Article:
The same combination of factors has also spurred a surge of cryptocurrency trading in recent years that has made Nigerians the biggest holders of Bitcoin outside the US. Bisi Ademola, a 26-year-old employee of a fashion house in Abuja, who operates three bank accounts, exemplifies a common trend. Two of the accounts are with traditional brick-and-mortar banks, while the third is with a fintech.

“I use my Zenith Bank account to receive my monthly pay, while the Access Bank account is mainly to fund my Visa card for online shopping,” says Ademola. “But my savings and investments are with PiggyVest.”

While Zenith and Access are among the country’s top 10 banks, PiggyVest is a fintech founded in 2016 by Somto Ifezue, Odunayo Eweniyi and Joshua Chibueze, who met as students at Covenant University near Lagos.

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Conceived as a digital alternative to the piggy bank, the company’s app offers users higher interest rates than those offered by traditional banks, with options to invest in securities or join in the crowdfunding of small businesses. Deposits aggregated by PiggyVest go mostly into government debt instruments.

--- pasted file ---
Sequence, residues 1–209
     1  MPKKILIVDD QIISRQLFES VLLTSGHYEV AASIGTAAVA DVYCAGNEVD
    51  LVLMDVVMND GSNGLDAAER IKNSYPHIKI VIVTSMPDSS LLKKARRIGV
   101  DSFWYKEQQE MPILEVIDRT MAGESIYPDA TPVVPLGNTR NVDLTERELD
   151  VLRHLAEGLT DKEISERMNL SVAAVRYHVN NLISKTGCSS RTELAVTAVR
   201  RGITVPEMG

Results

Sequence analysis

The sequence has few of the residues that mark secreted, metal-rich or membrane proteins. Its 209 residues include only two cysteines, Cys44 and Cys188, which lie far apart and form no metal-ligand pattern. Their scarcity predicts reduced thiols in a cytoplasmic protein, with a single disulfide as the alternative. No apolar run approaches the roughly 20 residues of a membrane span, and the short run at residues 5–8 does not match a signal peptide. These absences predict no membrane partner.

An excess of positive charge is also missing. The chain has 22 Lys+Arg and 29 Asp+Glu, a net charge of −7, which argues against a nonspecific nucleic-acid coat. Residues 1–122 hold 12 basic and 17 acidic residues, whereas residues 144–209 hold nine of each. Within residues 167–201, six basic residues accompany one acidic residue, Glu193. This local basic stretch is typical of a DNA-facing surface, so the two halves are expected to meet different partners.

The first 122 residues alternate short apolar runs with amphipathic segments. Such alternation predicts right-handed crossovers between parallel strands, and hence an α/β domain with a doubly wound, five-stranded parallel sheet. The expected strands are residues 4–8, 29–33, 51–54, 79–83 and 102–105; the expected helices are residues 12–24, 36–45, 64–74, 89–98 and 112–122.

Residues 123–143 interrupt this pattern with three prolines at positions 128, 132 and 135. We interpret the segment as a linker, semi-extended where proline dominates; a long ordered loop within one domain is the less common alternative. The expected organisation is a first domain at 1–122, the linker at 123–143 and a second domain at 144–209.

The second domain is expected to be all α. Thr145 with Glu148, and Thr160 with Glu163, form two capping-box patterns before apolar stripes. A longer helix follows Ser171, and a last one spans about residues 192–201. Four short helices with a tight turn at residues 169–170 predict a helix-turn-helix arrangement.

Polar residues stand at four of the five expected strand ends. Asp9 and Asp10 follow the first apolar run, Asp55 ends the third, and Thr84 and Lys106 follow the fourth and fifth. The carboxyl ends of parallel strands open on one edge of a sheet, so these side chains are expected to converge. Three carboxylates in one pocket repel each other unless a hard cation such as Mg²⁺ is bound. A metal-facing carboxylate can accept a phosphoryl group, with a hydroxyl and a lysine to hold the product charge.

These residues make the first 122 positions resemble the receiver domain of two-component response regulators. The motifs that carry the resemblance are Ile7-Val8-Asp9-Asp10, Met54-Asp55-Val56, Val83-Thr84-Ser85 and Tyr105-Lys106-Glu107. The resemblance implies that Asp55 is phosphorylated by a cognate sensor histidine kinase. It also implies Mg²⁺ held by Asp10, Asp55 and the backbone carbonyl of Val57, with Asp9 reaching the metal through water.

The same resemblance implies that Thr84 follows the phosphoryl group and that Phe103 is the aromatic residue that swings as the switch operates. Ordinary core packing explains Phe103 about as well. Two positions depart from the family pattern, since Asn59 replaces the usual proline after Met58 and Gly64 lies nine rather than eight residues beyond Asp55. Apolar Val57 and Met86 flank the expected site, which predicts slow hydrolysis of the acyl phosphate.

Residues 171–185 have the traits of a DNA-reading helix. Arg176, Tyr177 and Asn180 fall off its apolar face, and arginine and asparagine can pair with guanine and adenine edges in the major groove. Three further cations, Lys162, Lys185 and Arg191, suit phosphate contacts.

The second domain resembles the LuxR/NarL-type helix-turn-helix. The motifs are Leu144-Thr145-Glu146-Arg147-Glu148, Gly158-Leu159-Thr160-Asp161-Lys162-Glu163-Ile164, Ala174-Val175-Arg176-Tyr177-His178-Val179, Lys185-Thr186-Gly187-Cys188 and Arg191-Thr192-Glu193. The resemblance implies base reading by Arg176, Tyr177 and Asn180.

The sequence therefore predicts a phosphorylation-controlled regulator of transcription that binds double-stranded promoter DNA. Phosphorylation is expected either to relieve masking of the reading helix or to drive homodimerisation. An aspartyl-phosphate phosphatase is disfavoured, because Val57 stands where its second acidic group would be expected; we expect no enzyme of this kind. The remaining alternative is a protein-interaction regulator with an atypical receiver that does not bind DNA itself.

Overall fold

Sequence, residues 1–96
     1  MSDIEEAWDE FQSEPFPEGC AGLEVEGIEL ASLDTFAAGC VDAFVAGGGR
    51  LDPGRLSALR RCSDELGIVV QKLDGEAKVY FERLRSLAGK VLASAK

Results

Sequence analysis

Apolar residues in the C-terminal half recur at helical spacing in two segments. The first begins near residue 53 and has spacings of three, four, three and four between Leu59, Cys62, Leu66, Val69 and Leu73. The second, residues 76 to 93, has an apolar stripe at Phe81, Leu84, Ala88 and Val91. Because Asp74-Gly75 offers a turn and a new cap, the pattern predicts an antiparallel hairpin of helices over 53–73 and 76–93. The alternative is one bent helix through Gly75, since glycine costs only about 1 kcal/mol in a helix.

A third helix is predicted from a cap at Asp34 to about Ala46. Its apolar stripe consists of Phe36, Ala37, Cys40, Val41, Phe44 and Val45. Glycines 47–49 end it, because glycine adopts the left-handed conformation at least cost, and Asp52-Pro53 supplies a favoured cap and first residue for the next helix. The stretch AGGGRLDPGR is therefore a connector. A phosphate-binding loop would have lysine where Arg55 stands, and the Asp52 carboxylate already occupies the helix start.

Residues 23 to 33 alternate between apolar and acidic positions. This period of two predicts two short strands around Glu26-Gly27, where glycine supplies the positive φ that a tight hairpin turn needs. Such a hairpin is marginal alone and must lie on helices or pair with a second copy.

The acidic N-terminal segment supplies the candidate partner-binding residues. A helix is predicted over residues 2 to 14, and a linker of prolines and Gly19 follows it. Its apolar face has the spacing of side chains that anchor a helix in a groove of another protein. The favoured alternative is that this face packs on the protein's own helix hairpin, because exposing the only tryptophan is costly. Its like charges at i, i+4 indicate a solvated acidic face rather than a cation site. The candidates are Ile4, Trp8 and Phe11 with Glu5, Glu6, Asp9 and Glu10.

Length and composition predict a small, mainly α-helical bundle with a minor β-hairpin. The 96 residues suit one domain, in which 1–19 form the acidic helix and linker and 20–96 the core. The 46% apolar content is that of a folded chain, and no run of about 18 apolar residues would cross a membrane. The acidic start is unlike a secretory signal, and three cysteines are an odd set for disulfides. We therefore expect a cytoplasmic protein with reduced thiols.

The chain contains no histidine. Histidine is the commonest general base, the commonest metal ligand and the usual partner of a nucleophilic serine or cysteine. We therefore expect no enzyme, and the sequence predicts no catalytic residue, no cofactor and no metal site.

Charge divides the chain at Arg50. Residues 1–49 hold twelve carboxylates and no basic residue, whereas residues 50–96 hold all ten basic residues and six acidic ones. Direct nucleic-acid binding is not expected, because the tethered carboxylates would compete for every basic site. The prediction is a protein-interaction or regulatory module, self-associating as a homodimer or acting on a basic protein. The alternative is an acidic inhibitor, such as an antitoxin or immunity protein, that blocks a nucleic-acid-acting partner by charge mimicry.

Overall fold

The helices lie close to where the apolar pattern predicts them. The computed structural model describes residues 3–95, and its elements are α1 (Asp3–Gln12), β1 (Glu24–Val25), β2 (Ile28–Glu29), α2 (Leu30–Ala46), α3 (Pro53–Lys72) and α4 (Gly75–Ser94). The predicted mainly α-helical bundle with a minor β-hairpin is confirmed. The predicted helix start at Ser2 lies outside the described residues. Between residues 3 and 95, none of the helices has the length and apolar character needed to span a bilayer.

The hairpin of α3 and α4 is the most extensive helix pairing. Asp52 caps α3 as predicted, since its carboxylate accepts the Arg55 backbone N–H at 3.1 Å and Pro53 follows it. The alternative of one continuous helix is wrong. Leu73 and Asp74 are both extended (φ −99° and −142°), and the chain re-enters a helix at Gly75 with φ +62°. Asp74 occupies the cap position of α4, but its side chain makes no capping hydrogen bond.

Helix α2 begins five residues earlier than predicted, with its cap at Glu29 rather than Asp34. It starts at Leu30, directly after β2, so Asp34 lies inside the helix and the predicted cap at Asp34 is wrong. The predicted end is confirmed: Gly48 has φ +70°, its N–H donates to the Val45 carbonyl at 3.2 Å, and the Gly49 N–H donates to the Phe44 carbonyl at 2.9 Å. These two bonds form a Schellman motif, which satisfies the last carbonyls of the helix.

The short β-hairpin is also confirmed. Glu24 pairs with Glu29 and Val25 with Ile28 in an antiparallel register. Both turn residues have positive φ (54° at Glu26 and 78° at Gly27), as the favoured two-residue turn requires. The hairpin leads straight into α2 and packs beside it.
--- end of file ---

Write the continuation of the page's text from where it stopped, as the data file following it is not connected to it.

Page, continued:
At the end of 2021, PiggyVest had more than 3.5m customers and had paid out N242bn ($581m) to customers during the year, according to CEO Ifezue. That was well above the N90bn it paid in the preceding year.

Cowrywise, like PiggyVest, offers higher interest rates for savings. It also enables subscribers to buy into a broad range of mutual funds from equities to fixed income, and even Eurobonds, offered by fund and wealth managers such as Meristem, ARM, Afrinvest and United Capital.